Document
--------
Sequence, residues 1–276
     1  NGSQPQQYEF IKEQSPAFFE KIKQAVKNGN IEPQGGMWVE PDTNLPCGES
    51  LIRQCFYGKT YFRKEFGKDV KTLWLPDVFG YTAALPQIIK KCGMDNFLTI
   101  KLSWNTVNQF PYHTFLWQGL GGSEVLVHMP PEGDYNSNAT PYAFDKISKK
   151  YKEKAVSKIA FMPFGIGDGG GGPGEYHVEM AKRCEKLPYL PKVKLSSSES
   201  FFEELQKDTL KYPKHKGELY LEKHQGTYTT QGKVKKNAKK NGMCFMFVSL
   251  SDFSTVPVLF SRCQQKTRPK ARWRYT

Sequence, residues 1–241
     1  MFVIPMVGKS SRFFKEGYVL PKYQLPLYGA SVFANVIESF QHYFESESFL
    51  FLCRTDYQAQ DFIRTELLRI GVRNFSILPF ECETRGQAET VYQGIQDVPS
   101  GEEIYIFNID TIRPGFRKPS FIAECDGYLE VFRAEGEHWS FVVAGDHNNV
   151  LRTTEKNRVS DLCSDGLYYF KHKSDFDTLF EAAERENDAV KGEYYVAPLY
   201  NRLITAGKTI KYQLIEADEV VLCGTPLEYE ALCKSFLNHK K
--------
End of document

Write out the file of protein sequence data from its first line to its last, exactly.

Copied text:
Sequence, residues 1–276
     1  NGSQPQQYEF IKEQSPAFFE KIKQAVKNGN IEPQGGMWVE PDTNLPCGES
    51  LIRQCFYGKT YFRKEFGKDV KTLWLPDVFG YTAALPQIIK KCGMDNFLTI
   101  KLSWNTVNQF PYHTFLWQGL GGSEVLVHMP PEGDYNSNAT PYAFDKISKK
   151  YKEKAVSKIA FMPFGIGDGG GGPGEYHVEM AKRCEKLPYL PKVKLSSSES
   201  FFEELQKDTL KYPKHKGELY LEKHQGTYTT QGKVKKNAKK NGMCFMFVSL
   251  SDFSTVPVLF SRCQQKTRPK ARWRYT

Sequence, residues 1–241
     1  MFVIPMVGKS SRFFKEGYVL PKYQLPLYGA SVFANVIESF QHYFESESFL
    51  FLCRTDYQAQ DFIRTELLRI GVRNFSILPF ECETRGQAET VYQGIQDVPS
   101  GEEIYIFNID TIRPGFRKPS FIAECDGYLE VFRAEGEHWS FVVAGDHNNV
   151  LRTTEKNRVS DLCSDGLYYF KHKSDFDTLF EAAERENDAV KGEYYVAPLY
   201  NRLITAGKTI KYQLIEADEV VLCGTPLEYE ALCKSFLNHK K